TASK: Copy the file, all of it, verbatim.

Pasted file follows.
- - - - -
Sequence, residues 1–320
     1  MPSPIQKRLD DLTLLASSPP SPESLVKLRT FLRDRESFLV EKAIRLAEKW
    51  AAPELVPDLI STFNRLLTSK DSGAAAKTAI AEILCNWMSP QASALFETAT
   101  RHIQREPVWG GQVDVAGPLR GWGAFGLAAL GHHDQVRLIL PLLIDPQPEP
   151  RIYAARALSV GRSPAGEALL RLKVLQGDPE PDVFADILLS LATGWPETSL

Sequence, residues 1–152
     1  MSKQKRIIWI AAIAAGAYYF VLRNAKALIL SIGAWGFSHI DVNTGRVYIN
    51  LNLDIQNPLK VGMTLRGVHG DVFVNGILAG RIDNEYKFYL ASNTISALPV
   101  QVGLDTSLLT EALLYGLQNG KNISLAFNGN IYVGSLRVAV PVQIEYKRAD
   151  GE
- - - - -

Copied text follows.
Sequence, residues 1–320
     1  MPSPIQKRLD DLTLLASSPP SPESLVKLRT FLRDRESFLV EKAIRLAEKW
    51  AAPELVPDLI STFNRLLTSK DSGAAAKTAI AEILCNWMSP QASALFETAT
   101  RHIQREPVWG GQVDVAGPLR GWGAFGLAAL GHHDQVRLIL PLLIDPQPEP
   151  RIYAARALSV GRSPAGEALL RLKVLQGDPE PDVFADILLS LATGWPETSL

Sequence, residues 1–152
     1  MSKQKRIIWI AAIAAGAYYF VLRNAKALIL SIGAWGFSHI DVNTGRVYIN
    51  LNLDIQNPLK VGMTLRGVHG DVFVNGILAG RIDNEYKFYL ASNTISALPV
   101  QVGLDTSLLT EALLYGLQNG KNISLAFNGN IYVGSLRVAV PVQIEYKRAD
   151  GE